Something New, Something Used, Something Sterile: Stryker Embraces Recycled Medical Devices

6/29/11Follow @xconomy

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continued campaign for more regulation could drive up the cost of reprocessing devices, potentially erasing any price advantage they enjoy over new devices, the report says.

Lars Thording, Stryker’s senior director of marketing and public affairs for the Ascent business, has been quite vocal in decrying what he calls the “desperate tactics” of the medical device makers to thwart reprocessors. For instance, companies like Johnson & Johnson are pushing for exclusive sales agreements with surgeons that would shut out reprocessed devices, he says.

But there are larger macroeconomic factors shaking up the medical device industry that are working in the favor of reprocessors. In major categories like cardiac rhythm management (pacemakers and implantable cardioverter defibrillators), devices have become less about innovation and more about cost and volume.

Gone are the days where there is “technological innovation for the sake of technological innovation,” Thording says. “That’s fundamentally different from how medical device makers think, to push out innovative devices to move the bottom line.”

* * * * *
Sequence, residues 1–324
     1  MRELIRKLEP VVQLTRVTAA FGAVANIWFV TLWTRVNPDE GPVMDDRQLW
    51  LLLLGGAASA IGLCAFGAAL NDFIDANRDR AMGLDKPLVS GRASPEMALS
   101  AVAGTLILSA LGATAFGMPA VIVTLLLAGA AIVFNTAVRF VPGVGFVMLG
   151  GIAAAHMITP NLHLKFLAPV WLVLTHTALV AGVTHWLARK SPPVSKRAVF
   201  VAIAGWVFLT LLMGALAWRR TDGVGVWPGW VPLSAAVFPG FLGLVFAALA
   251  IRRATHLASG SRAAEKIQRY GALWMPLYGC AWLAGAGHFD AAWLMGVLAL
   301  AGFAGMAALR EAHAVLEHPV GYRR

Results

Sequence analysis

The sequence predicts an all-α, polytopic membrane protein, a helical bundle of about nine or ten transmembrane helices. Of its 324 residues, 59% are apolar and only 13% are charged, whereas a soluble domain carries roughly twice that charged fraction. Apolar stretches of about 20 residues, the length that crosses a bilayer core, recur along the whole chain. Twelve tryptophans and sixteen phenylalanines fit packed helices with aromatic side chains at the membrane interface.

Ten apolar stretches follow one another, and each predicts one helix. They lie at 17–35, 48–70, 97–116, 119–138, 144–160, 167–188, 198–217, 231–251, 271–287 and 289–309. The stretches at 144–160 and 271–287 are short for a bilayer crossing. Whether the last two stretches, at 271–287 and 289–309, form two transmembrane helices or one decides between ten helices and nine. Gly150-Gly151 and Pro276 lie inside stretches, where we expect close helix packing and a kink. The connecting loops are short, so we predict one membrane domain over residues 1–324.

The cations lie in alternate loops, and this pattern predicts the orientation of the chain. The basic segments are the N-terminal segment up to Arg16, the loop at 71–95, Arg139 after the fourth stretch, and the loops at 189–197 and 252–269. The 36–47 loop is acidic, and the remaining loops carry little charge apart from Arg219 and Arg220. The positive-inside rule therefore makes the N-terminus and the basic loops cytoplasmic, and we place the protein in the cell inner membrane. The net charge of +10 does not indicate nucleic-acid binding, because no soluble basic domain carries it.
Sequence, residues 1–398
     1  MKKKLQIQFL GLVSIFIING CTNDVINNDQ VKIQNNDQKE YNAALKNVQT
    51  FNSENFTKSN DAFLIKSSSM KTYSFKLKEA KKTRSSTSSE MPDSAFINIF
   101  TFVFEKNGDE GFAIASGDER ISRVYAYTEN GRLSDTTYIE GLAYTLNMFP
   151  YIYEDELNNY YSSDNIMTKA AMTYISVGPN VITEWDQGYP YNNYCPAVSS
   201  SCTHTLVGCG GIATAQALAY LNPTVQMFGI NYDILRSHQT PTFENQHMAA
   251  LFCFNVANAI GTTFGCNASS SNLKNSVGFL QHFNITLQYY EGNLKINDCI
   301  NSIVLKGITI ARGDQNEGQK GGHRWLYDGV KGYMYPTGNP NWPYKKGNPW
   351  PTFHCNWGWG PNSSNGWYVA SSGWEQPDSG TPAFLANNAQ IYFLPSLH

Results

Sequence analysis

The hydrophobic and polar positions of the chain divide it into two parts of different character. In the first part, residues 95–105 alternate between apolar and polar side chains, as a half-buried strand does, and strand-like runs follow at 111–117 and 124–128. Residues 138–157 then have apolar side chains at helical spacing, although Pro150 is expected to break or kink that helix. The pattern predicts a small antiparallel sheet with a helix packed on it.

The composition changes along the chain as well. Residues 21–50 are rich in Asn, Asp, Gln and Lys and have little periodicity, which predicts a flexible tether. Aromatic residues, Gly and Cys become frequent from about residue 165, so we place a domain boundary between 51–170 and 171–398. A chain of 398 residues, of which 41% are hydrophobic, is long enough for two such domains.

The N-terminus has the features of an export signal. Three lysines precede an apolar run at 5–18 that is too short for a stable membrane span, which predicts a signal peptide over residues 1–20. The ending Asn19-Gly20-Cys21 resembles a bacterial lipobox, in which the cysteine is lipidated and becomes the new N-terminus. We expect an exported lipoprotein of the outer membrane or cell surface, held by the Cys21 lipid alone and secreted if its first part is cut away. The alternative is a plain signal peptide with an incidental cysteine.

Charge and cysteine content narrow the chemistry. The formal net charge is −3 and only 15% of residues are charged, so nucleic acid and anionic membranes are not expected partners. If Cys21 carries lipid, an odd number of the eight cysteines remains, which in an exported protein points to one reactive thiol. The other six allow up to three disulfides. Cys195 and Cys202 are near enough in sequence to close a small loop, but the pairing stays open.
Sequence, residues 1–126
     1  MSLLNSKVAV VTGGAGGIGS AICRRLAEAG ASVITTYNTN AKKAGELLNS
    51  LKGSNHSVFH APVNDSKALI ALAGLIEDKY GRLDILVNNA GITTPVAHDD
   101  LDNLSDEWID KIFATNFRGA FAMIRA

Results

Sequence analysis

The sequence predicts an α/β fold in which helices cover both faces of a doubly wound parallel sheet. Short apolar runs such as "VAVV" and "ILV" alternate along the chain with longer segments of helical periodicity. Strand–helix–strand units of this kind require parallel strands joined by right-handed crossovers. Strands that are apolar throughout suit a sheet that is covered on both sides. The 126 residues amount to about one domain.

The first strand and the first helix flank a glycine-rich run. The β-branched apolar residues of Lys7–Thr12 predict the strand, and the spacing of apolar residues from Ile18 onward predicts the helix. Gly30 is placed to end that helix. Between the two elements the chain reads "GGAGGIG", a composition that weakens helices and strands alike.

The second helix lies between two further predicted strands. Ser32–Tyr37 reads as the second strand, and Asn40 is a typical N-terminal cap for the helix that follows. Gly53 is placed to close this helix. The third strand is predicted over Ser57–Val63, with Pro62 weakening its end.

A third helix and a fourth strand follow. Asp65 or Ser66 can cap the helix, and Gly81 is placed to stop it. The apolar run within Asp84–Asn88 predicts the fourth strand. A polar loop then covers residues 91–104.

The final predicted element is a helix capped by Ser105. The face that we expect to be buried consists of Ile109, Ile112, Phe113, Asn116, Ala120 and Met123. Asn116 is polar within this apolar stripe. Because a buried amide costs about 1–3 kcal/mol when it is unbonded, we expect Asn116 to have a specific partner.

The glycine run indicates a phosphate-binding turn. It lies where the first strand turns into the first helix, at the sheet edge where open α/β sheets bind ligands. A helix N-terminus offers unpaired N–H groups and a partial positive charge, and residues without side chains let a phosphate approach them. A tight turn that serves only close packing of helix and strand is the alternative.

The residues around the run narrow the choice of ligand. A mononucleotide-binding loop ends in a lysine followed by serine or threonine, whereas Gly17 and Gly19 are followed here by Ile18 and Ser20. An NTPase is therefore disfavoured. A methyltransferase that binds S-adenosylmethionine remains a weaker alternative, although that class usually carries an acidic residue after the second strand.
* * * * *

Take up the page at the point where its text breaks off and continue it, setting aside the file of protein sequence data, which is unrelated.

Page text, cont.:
And hospitals need to save cash. The GlobalData report estimates a 100-bed hospital can save up to $100,000 a year by using reprocessed surgical tools like laparoscopic trocars, ultrasonic scalpels, and multi-clip appliers.

Of course Stryker already knows this. The company plans to invest heavily in Ascent, which it recently renamed Stryker Sustainability Solutions.

While Stryker units typically operate their own sales teams, the company is moving towards a more unified approach. That puts Stryker in the awkward position of trying to sell both its new devices and reprocessed ones to the same customer. In essence, the company may be competing with itself.

But that’s not how Stryker sees it. The company envisions itself as a partner that will help hospitals best meet their needs, which includes saving money.

“In order to compete, we have to offer more than just innovative products but also cost savings,” Kaminsky says. “We want to be the wingman to hospitals.”

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